Quang Trang, MJLST Staffer
For space lovers out there, the opportunity to name a star after a loved one sounds like a nice romantic gift for Valentine’s Day. The issue of whether this is actually allowed is somewhere between yes and no.
The main authority in naming astronomical objects is the International Astronomical Union (IAU). The goal of the IAU when formed in 1919 is to “to promote and safeguard the science of astronomy in all of its aspect through international cooperation.” Part of the IAU’s authority in its scientific mission promoting and safeguarding astronomy is the duty of being “the arbiter of planetary and satellite nomenclature.” In normal English, the IAU is the organization that decided Pluto does not qualify to be a planet.
Although the IAU is the leading authority in astronomical nomenclature, the organization still refuses to commercialize outer space by selling the rights to name space objects, such as stars. Due to the IAU being an international scientific organization, it does not have the authority nor the interest in outlawing such a practice. There are many services that would allow you to pick an unregistered star and name it for a fee. However, these multiple services are unrelated and have different databases. Essentially, a star you named with one service may be already be registered under a different name with a different service. Prominent star-naming services such as the International Star Registry are aware of its unofficial status. Rocky Mosele of ISR said “I think people are OK that it’s not official. I’m sure of it. I know because customers call again and again and again.” The ISR’s claims to not mislead any of its customers because it never once claimed to be official.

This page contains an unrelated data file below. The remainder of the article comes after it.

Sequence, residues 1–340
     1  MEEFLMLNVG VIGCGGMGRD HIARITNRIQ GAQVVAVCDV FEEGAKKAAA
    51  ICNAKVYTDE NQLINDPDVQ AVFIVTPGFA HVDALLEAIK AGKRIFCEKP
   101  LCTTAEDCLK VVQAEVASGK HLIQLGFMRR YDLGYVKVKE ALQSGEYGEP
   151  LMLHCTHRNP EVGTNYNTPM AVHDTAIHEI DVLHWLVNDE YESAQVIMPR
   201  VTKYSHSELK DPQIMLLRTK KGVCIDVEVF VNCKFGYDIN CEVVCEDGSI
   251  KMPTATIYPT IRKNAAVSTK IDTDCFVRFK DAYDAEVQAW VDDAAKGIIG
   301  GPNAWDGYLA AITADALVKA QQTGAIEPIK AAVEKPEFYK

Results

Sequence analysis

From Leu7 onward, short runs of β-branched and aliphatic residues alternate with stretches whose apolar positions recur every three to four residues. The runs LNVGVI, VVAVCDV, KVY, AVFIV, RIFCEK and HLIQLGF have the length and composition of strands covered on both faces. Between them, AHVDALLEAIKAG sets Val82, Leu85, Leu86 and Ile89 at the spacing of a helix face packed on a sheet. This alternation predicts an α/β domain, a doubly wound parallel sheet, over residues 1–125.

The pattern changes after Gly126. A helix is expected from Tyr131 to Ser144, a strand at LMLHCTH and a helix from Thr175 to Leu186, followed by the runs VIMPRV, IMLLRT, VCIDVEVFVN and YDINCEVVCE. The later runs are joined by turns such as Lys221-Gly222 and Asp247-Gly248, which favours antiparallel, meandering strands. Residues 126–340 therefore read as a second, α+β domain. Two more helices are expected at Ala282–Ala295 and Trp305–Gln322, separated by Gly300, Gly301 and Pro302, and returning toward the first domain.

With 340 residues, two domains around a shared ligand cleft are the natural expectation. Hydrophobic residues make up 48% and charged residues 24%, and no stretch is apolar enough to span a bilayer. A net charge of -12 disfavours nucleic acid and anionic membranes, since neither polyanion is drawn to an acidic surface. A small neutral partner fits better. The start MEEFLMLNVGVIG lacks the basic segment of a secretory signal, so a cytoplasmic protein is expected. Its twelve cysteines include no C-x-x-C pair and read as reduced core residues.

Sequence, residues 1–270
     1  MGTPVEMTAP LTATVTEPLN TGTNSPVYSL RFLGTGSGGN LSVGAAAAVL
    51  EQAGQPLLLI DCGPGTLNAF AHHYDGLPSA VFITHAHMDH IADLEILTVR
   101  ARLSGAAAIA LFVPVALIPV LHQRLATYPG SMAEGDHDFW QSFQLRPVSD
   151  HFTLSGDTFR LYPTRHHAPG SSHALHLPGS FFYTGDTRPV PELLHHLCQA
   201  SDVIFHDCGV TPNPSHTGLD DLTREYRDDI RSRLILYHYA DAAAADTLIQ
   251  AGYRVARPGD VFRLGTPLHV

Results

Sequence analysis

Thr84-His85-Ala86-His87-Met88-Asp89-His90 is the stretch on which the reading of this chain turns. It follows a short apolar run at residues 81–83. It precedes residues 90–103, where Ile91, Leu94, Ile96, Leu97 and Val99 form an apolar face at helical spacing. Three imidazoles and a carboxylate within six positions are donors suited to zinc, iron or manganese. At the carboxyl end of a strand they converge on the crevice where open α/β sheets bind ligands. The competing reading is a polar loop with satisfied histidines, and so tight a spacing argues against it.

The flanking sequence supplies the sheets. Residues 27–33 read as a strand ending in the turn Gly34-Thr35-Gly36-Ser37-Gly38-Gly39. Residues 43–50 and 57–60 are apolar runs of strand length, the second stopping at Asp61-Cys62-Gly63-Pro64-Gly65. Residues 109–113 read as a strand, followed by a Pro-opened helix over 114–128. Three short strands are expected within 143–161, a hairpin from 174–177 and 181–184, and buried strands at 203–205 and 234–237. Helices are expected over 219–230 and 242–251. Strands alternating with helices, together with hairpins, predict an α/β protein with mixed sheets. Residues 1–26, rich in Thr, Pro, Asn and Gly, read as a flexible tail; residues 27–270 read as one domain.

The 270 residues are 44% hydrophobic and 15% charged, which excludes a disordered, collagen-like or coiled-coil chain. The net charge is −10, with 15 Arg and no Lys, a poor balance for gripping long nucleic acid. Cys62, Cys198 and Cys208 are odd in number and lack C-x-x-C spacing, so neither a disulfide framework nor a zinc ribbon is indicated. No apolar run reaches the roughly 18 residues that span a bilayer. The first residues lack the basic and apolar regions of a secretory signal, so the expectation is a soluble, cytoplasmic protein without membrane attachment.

With each registration costing as much as fifty dollars, one might ask why the IAU does not participate in such a business. The organization would be an industry leader with the ability to give these registered names official status. The proceeds could be used to fund various projects. After receiving many requests to from private individuals to name stars, the IAU explains its policy to stay out of such an enterprise: Thus like true love and many other of the best things in human life, the beauty of the night sky is not for sale, but is free for all to enjoy.